WWI hero Herbert Columbine statue on show to public

Pte Herbert Columbine and John Doubleday John Doubleday has made the statue of clay before it is cast in bronze

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A statue to a forgotten Essex soldier posthumously awarded the Victoria Cross for his bravery in World War One has gone on public show for the first time.

Pte Herbert Columbine, of 9 Squadron Machine Gun Corps, died holding his position against enemy fire in France, allowing his companions to escape.

Sculptor John Doubleday displayed a clay model of what will be the bronze statue in his Great Totham studio.

People from Walton-on-the-Naze have raised £60,000 for the memorial.

Artist John Doubleday, famous for his sculptures of The Beatles in Liverpool and Charlie Chaplin in Leicester Square, was commissioned to sculpt the 7ft (2m) bronze of Pt Columbine, who was from Walton.

'Enough generals'

He said he believed it to be the only statue in the UK commemorating the actions of a private soldier.

"There are enough generals to commemorate but the guys who did the job were the private soldiers."," said Mr Doubleday.

For Valour...

Private Herbert Columbine
  • Britain's highest military honour, the Victoria Cross is awarded "for valour" in the face of the enemy
  • It was brought into existence by Queen Victoria in 1856 to honour acts of bravery in the Crimean War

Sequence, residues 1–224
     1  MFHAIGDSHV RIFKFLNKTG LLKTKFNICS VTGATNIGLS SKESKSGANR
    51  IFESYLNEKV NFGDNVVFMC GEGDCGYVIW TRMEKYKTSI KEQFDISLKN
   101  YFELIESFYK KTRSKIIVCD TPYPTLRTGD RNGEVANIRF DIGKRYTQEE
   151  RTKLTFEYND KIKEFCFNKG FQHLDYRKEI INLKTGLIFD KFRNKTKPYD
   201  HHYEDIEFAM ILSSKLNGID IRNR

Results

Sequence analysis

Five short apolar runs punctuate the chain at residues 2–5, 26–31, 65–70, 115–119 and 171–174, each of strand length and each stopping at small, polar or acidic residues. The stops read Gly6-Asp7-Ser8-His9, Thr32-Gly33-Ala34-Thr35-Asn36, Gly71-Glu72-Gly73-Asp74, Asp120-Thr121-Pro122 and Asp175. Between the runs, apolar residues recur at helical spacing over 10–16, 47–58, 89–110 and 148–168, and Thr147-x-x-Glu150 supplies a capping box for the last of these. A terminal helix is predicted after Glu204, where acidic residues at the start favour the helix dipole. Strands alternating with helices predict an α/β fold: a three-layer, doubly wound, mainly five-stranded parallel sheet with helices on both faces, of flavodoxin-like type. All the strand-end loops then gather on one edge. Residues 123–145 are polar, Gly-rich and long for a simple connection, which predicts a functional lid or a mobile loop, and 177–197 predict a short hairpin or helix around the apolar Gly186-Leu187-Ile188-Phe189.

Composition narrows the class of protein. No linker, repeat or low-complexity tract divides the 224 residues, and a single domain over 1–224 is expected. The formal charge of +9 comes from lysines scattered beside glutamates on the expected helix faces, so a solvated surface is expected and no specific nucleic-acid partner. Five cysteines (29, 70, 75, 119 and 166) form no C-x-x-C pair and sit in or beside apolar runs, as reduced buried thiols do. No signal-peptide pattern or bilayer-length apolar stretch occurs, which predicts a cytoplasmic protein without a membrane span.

• The VC can be awarded to a person of any rank in any service and civilians under military command
  • The cross is thought to be made from the bronze of Russian guns captured at Sebastopol, although research suggests a handful were made from other sources

Source: Ministry of Defence

The clay likeness of Pte Columbine used about two tonnes of clay supported by a steel structure.

A wax mould will now be made and the bronze poured into it.

Pte Columbine was 24 when he died on 22 March 1918, eight months before the end of the war.

Self-sacrifice

He took control of a machine gun which he fired continuously from a trench in Hervilly Wood in France.

He repelled heavily armed enemy soldiers and gave his colleagues the chance to escape by continuing to fire until killed by a shell.

Mr Doubleday had six relatives involved in WW1 - four of whom survived - and firmly believes the self-sacrifice of soldiers in that war should not be forgotten.

"The idea finally of a private soldier being commemorated as a symbol of the hundreds of thousands of lives squandered is the right thing," he said.

"I take the job very seriously."

The statue will be unveiled on Walton seafront on 2 August, as part of the commemorations to mark the 100th anniversary of WW1.

Herbert Columbine has no known grave. His name is engraved on the Pozieres Memorial, three miles North East of Albert, in France.

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